General Nonsense

When Gen. Barry McCaffrey took over the Office of National Drug Control Policy in 1996, he invited Americans to think about the difference between drugs as an enemy and drugs as a cancer. Lately, though, the former general has been prompting us to ponder the fine line between a gaffe and a fib.

"Marijuana is now the second-leading cause of car crashes among young people," McCaffrey wrote in USA Today last October. Dale Gieringer, California coordinator of the National Organization for the Reform of Marijuana Laws, called McCaffrey's office for the source of this claim and was referred to the National Highway Traffic Safety Administration. A NHTSA spokesman confirmed that marijuana is the second most common drug detected after fatal crashes but emphasized that it does not necessarily cause those accidents.

As Gieringer noted in the November issue of California NORML Reports, a 1990-91 study by NHTSA found that 52 percent of drivers in fatal crashes had alcohol in their blood, compared to 7 percent with traces of marijuana. In analyzing the role that drugs played in the crashes, NHTSA found "no indication that marijuana by itself was a cause of fatal accidents."

Perhaps this distinction is too subtle for a bureaucrat to grasp. But anyone who keeps track of a $17 billion annual budget should understand the difference between one-quarter and two. "The murder rate in Holland is double that in the United States," McCaffrey said in July 1998, attributing the difference to Dutch tolerance of drug use. In fact, as the Dutch government was quick to point out, the U.S. murder rate is about four times as high as Holland's.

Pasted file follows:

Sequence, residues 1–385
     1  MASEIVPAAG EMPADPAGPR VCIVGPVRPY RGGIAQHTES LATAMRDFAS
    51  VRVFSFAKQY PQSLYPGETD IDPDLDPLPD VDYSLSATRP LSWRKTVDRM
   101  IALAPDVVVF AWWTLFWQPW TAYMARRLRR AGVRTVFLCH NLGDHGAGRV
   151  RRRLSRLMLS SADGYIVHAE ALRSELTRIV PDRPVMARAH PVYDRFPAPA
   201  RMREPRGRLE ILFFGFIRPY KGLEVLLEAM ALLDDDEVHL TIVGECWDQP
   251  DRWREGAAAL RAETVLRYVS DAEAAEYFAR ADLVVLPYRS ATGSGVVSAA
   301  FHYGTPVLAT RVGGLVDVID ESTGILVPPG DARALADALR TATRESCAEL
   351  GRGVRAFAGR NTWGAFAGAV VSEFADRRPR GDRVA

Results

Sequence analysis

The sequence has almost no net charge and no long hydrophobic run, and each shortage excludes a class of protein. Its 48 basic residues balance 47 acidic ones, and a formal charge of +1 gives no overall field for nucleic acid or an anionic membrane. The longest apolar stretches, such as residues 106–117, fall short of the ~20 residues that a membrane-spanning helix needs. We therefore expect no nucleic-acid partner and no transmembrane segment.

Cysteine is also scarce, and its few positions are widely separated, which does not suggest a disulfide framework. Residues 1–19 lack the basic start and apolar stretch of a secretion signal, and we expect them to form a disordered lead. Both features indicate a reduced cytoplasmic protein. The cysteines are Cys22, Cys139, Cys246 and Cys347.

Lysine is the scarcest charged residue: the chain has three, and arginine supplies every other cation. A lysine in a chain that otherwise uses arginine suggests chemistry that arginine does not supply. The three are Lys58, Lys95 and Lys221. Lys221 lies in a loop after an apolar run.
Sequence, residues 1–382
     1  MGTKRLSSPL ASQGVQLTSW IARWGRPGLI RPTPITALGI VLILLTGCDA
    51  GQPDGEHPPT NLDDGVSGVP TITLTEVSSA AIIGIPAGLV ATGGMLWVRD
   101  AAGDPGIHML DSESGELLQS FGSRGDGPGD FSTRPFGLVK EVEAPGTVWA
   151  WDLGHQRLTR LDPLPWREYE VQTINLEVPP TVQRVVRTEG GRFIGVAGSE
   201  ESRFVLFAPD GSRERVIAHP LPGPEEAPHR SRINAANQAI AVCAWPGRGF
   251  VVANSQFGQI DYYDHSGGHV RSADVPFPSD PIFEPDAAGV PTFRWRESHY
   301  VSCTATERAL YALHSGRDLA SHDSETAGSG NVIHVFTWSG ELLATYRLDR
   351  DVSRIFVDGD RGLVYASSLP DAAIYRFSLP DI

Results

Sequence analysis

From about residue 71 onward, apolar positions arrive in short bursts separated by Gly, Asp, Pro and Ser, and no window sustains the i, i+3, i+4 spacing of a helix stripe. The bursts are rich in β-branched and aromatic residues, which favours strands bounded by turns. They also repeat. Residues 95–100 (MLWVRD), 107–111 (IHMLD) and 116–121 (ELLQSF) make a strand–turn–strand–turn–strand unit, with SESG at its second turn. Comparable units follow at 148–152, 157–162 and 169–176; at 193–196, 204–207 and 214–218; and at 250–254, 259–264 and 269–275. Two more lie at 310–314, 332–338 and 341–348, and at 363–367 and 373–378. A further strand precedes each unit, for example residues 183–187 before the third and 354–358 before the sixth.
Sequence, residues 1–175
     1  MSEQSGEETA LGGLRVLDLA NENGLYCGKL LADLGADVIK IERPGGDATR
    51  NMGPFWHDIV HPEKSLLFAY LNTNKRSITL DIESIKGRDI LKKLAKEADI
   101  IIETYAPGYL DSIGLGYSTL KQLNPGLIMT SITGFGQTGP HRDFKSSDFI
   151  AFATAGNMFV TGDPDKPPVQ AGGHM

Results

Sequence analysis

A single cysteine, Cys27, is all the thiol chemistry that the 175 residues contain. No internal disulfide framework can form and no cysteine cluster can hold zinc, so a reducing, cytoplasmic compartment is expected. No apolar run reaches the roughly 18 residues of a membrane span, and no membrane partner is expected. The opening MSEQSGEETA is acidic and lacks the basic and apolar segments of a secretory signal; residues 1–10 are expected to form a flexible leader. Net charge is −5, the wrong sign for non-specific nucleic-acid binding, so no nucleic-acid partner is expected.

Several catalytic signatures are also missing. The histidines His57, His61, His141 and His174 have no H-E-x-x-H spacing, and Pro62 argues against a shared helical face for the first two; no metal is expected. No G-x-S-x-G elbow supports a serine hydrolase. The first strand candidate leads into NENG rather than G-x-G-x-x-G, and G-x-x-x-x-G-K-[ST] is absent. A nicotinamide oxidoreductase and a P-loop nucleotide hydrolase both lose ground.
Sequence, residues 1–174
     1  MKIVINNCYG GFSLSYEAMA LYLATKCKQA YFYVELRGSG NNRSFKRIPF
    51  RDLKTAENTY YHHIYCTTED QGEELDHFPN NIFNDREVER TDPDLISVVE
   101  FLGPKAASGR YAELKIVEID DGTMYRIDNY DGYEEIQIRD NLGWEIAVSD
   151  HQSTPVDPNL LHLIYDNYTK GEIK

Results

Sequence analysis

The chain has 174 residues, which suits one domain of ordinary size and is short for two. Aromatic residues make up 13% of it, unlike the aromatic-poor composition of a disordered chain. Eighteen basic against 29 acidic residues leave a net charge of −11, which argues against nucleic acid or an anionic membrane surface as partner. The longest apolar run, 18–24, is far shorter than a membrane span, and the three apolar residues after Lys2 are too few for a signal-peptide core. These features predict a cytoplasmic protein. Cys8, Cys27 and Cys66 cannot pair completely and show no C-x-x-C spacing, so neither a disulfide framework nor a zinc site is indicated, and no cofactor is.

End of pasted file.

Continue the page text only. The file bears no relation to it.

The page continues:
Well, numbers are tricky. A drug czar has to focus on the big picture and avoid getting bogged down in the details. Of course, sweeping statements can also be hazardous. "There is not a shred of scientific evidence that shows that smoked marijuana is useful or needed," McCaffrey has said, criticizing the medical marijuana movement. To anyone familiar with the substantial body of literature on the therapeutic uses of cannabis, such a claim signifies either appalling ignorance or bald-faced mendacity. Given McCaffrey's other misstatements, it's a hard to call to make.

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